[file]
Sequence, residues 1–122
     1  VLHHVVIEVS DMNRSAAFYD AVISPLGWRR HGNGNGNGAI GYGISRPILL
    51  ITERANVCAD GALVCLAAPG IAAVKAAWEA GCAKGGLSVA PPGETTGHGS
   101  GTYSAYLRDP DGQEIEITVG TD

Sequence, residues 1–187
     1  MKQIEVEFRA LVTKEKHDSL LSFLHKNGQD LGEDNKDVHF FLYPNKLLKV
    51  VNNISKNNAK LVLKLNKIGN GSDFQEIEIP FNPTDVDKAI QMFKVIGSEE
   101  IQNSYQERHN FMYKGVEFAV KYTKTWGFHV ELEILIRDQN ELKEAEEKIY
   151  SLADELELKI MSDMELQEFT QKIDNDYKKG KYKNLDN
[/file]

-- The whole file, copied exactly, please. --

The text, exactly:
Sequence, residues 1–122
     1  VLHHVVIEVS DMNRSAAFYD AVISPLGWRR HGNGNGNGAI GYGISRPILL
    51  ITERANVCAD GALVCLAAPG IAAVKAAWEA GCAKGGLSVA PPGETTGHGS
   101  GTYSAYLRDP DGQEIEITVG TD

Sequence, residues 1–187
     1  MKQIEVEFRA LVTKEKHDSL LSFLHKNGQD LGEDNKDVHF FLYPNKLLKV
    51  VNNISKNNAK LVLKLNKIGN GSDFQEIEIP FNPTDVDKAI QMFKVIGSEE
   101  IQNSYQERHN FMYKGVEFAV KYTKTWGFHV ELEILIRDQN ELKEAEEKIY
   151  SLADELELKI MSDMELQEFT QKIDNDYKKG KYKNLDN